By Tom Ballato
Eric Devendorf is bringing his passion back to the court, but this time as a coach. After returning to his alma mater and spending the last two seasons on Jim Boeheim’s staff at Syracuse as an assistant strength coach, Devendorf left to become Special Assistant to the Head Coach at Detroit Mercy University. The former Syracuse standout, is providing energy and a work ethic to a young Detroit Mercy team.
In 2005, Eric arrived to Syracuse as a five star, McDonalds All-American recruit from Oak Hill Academy. As a freshman he started 30 out of the team’s 35 games. He averaged 12.2 points per game as a freshman. His sophomore year, he made jump in performance averaging 14.8 points per game while recording an average of 4 assists per game.
During his junior year, he played in 10 games and was averaging 17 points per game, before suffering a season-ending torn ACL. He qualified for a hardship waiver and was redshirted. He returned for his redshirt junior season and averaged 15.7 points per game. During the Big East Tournament, he hit a shot that is still is remembered today. It was during a sixth overtime game versus Connecticut, which Syracuse eventually won. The shot did not count because time had expired before he got the shot off.
Eric made it work within Syracuse’s guard rotation that included Andy Rautins and Johnny Flynn, both had NBA talent and were drafted. Eric left Syracuse for a professional career after his redshirt junior season, forgoing his final year of eligibility. He went undrafted in the 2009 NBA Draft, but went on to play in several countries overseas, including the NBA Developmental League.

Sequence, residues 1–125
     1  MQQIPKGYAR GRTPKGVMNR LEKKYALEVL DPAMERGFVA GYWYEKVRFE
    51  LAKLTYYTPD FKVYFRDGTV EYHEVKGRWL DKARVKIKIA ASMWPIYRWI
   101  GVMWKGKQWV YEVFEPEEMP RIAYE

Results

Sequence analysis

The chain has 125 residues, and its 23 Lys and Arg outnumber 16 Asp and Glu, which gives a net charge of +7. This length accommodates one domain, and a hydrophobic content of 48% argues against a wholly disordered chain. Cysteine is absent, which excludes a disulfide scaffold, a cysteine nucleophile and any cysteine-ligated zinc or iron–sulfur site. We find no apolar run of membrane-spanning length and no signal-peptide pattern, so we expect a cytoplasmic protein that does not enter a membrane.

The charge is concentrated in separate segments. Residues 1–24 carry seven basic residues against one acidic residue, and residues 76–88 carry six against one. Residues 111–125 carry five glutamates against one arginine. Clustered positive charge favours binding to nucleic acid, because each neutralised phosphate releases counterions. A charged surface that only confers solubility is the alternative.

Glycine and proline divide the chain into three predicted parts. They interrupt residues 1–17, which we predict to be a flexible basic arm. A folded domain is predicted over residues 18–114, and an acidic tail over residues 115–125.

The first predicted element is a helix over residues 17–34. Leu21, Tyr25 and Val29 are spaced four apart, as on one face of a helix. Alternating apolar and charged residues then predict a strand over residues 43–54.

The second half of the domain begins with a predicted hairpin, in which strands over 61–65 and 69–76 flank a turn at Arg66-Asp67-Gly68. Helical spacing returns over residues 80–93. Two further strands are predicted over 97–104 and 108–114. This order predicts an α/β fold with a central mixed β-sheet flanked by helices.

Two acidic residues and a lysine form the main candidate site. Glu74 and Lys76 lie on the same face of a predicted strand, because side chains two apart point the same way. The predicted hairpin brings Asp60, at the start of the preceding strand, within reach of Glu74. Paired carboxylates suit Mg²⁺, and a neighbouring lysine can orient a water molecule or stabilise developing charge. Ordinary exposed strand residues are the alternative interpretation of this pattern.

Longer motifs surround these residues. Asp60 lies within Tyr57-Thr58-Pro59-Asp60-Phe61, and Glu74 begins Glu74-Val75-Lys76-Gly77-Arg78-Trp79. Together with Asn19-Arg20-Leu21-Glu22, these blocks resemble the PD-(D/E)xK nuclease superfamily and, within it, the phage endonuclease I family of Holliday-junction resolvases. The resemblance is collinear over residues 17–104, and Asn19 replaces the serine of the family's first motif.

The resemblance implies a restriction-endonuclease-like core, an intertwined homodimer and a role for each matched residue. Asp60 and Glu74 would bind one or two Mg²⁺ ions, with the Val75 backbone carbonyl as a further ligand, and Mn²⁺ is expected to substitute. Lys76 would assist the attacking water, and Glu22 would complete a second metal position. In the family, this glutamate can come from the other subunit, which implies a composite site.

In 2016, he decided to end his playing career and begin the next chapter in coaching, at Syracuse. Devendorf returns to the court in the summer to play in The Basketball Tournament with Boeheim’s Army. Boeheim’s Army is a team filled with Syracuse alumni who come together just like old times and play to win $2 million dollars.
Devendorf has matured a lot since we last saw him in a Syracuse uniform. He was once one of college basketball’s most hated players. Trash talking and playing with a fiery attitude was a part of his game. The former Syracuse guard was also known for his scoring ability. Devendorf could put the ball in the cylinder night in and night out. He scored over 1,600 points at Syracuse and was a great three point shooter.
His new role has landed him at Detroit Mercy University, where he started in 2018 and is thriving. His experience allows him to mentor and help young athletes. They have a scoring guard who is turning into a young star in Antoine Davis. Something Devendorf can relate too.
Love him or hate him, Eric Devendorf was fun to watch at Syracuse!
How would you describe your time at Syracuse playing under coach Boeheim?
My time at Syracuse was amazing, playing for a hall of fame coach and getting the opportunity to play in front of 30,000 fans is amazing. I played on some real good teams my time there and with some very good players. I am super grateful for that. Syracuse basketball is a family!
What was your fondest moment at Syracuse?
Fondest moment would have to be the 6 OT game vs UConn. I still get asked about that ’til this day. Such an unreal game and being able to be a part of something like that is very special.
The Syracuse zone. What about the zone has made it so effective after all these years?